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I have several paddling years under my belt starting in a canoe at 10 years old. I can paddle any canoe in a straight line all day long without changing paddle sides. Learn a "J" stroke, low brace, high brace and skull stroke and you will really enjoy canoeing. Don't ask me about a canoe in whitewater because my whitewater weapon is a kayak. I have experience in whitewater canoe but the kayak is more practicle. I am a proficient class 4 boater--or was It all takes practice and time on the water. No one mentions paddles but my opinion is that a good paddle pays more dividends than a good boat, both of which are necessary. My kayak paddles are bentshaft carbon fiber ($450) and canoe paddles are bent shaft wood. a cheap (coleman) canoe will not make you happy in many ways. a cheap kayak (sit on top) will make you even more un happy. they are wide but very slow--work yourself to death and not go anywhere...they have no glide. waterline and beam make for a fast and stable boat. sit on tops are the 'worst of both worlds' and will not be something that you enjoy very long. i presently have a custom built surf kayak by Murkey Waters, a whitewater kayak, a tandem glass kayak by Eddyline, two touring skirted kayaks and a canoe i am in the process of re-habbing. I say all this because i would be happy to take anyone out for lessons or demonstrations--no charge. I am retired and I can do this Call NOC for lessons and see what they cost!!!!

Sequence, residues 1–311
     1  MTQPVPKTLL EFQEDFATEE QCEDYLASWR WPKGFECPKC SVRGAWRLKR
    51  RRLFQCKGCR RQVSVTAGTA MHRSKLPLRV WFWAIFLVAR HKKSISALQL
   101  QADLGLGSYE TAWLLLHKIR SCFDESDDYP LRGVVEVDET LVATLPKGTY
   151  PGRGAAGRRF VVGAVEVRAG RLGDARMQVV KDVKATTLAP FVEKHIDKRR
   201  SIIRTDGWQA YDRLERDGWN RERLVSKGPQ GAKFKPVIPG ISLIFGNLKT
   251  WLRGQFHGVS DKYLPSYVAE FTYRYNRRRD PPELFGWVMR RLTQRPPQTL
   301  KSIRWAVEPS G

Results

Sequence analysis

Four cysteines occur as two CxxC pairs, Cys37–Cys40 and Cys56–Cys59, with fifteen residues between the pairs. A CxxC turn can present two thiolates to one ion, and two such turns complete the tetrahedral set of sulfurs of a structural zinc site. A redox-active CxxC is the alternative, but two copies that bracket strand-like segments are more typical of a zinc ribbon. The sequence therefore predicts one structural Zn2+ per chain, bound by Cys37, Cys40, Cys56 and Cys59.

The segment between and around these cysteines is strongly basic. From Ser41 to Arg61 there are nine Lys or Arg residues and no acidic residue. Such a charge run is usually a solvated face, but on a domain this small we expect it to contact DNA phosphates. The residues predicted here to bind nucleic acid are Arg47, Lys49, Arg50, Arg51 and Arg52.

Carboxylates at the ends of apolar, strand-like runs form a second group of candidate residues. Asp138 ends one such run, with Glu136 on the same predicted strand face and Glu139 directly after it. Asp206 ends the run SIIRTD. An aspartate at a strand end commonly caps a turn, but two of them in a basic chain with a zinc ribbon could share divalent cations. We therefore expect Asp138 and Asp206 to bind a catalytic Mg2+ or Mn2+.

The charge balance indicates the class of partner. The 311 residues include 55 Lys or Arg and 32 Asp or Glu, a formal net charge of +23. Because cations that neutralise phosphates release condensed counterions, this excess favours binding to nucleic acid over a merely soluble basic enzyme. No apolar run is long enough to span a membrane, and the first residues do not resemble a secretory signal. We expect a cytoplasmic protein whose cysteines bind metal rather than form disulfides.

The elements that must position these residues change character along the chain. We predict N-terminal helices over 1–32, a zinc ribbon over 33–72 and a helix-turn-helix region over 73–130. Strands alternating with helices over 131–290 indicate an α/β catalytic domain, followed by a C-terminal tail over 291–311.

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Old 06-17-2015, 08:40 AM   #31
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I presently have a custom built surf kayak by Murkey Waters, a whitewater kayak, a tandem glass kayak by Eddyline, two touring skirted kayaks and a canoe i am in the process of re-habbing.
And you can stop anytime you want, right?

Thanks for the details in your post; I hadn't even thought about the paddle although I'm pretty sure I'm not going to go for the $450 version. The lake is less than a mile long so I'm not too concerned about efficiency. Now, however, I'm wondering if there are other places near us where I can use it. Hermann, MO on the Missouri River when we visit there in September? Some of the large lakes in our area? More research to do.